Uma Thurman (born 29.4.1970)
Uma Thurman is an American actress, perhaps best known for her work under the direction of Quentin Tarantino.
Uma Thurman: Childhood
Uma Thurman was born to Nena Birgitte Caroline von Schlebrugge and Robert Alexander Farrar Thurman. Her mother was married to the LSD guru Timothy Leary (to whom she was introduced by Salvador Dali) before marrying Thurman. Uma's father was the first westerner to be ordained as a Tibetan Buddhist monk. During her childhood, the Thurmans spent time in Almora, in India and the Dalai Lama would often visit them.
Uma's childhood saw her growing up mainly in Amherst, Massachusetts and Woodstock, New York. Her acting talents were noticed when she played Abigail in a performance of the Crucible. She moved to New York, attending the Professional Children's School, but dropped out before completing the course.
Uma Thurman: Acting Career
Uma Thurman's film debut came in 1988, when she appeared in Johnny Be Good and Kiss Daddy Goodnight. She then went on to appear in The Adventures of Baron Munchausen, playing Venus, opposite Oliver Reed's Vulcan.
Thurman's breakthrough performance came with 1988's Dangerous Liasons. The film also starred Glenn Close and Michelle Pfeiffer, who were both nominated for Oscars for their work in the film. John Malkovich, also in the film, was vocal in his praise of her talents.
1990 saw Uma Thurman star in Henry & June, a sexually controversial film, which also starred Fred Ward. Her first starring role came three years later when she took the lead in Gus Van Sant's adaptation of Tom Robbins' Even Cowgirls Get the Blues. Unfortunately, the film was a commercial and critical let-down. She also appeared in Mad Dog and Glory, opposite Robert De Niro, which also failed to do well at the box office.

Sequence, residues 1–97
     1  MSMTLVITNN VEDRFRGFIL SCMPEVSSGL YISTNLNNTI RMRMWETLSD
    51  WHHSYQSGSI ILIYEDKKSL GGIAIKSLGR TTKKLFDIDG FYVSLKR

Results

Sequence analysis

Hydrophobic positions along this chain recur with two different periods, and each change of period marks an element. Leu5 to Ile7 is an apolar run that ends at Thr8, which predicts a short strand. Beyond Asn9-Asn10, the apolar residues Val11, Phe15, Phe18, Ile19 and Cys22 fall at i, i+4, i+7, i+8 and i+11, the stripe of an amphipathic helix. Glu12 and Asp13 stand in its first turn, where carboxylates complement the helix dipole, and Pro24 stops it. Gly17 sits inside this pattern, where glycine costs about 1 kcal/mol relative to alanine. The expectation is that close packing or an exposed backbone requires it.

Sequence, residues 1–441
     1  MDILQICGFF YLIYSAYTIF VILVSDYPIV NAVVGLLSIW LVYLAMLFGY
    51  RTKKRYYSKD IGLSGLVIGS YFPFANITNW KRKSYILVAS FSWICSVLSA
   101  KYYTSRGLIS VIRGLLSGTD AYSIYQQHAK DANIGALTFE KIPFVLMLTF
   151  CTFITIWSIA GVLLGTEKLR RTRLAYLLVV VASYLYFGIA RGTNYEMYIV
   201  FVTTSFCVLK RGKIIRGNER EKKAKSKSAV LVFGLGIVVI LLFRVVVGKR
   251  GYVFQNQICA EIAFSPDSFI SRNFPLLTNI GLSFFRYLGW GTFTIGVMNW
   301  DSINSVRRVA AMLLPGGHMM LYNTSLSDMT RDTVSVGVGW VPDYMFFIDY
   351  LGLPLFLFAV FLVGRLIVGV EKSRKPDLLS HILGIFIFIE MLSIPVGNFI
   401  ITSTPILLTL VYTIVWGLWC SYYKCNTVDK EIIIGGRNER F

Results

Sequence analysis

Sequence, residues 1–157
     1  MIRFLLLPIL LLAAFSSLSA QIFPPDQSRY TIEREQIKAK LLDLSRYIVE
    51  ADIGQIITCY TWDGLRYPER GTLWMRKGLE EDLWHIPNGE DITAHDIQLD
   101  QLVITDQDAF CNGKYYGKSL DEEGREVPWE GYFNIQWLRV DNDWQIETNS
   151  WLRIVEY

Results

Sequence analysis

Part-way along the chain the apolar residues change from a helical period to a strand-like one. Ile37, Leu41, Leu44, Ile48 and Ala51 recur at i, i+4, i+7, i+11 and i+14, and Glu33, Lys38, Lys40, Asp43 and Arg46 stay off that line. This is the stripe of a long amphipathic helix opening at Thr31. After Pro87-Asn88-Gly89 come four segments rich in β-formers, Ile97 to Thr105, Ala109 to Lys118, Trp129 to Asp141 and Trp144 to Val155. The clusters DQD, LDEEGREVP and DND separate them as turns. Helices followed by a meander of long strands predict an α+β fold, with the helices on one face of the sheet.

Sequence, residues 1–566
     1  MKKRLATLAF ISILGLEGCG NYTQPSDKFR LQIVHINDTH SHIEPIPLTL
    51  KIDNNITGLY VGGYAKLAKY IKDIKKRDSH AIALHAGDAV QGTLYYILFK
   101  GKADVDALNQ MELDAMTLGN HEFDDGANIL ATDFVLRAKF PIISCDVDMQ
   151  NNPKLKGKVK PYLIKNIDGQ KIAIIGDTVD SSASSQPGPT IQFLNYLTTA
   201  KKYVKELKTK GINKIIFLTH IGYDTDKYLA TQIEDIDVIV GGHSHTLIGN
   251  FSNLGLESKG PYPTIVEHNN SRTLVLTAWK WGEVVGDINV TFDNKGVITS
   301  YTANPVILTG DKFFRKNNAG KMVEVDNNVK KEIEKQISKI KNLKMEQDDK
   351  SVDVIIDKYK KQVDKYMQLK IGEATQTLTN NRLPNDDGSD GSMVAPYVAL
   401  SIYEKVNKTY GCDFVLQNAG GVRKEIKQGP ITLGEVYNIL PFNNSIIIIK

Thurman's career soon got back on track when she auditioned for a part in Pulp Fiction, directed by Quentin Tarantino. The film also starred John Travolta, Samuel L Jackson, Harvey Keitel and Tim Roth. Uma Thurman was nominated for the Best Supporting Actress Academy Award.
In 1996, Thurman starred in the romantic comedy The Truth About Cats and Dogs, opposite Janeane Garofolo. She then played Ethan Hawke's love interest in Gattaca, which was not a huge success at the cinema but became popular as a rental choice. She then went on to play Poison Ivy in Batman & Robin, opposite George Clooney and Arnold Schwarzenegger.
Uma Thurman's next role was in The Avengers, which turned out to be another low point in her career. She ended 1998 with a performance in Les Miserables, the film version of the Victor Hugo novel. She played the role of Fantine, opposite Geoffrey Rush and Liam Neeson.
After a five-year break from major film roles, Uma Thurman made a return in Paycheck, directed by John Woo. The film was only a moderate success but she soon followed this with a performance in Kill Bill, another Tarantino film in which she took a starring role. Other actors in the film include Lucy Liu, Daryl Hannah and David Carradine.
In 2005, Thurman starred in Be Cool with John Travolta and Prime with Meryl Streep. Her last film of that year was The Producers, a remake of a 1968 film starring Gene Wilder and Zer Mostel. The modern version starred Matthew Broderick and Will Ferrell.
Thurman then starred in My Super Ex-Girlfriend, along with Luke Wilson. Uma Thurman was reportedly paid $14 million for her role in the film, but it did not perform as well as expected at the box office. She then starred in The Accidental Husband in February 2008. This was followed by a role portraying a cocaine addict in My Zinc Bed, opposite Jonathan Pryce and Paddy Considine.
Uma Thurman: Personal Life
Uma Thurman married Gary Oldman in 1990 but they were only married for two years.
Thurman was also previously married to Ethan Hawke, with whom she has two children, Maya Ray Thurman-Hawke (b. 1998) and Levon Roan Thurman-Hawke (b. 2002). Thurman and Hawke divorced in 2004.
Uma is now engaged to a Franco-Swiss financier, Arpad Busson.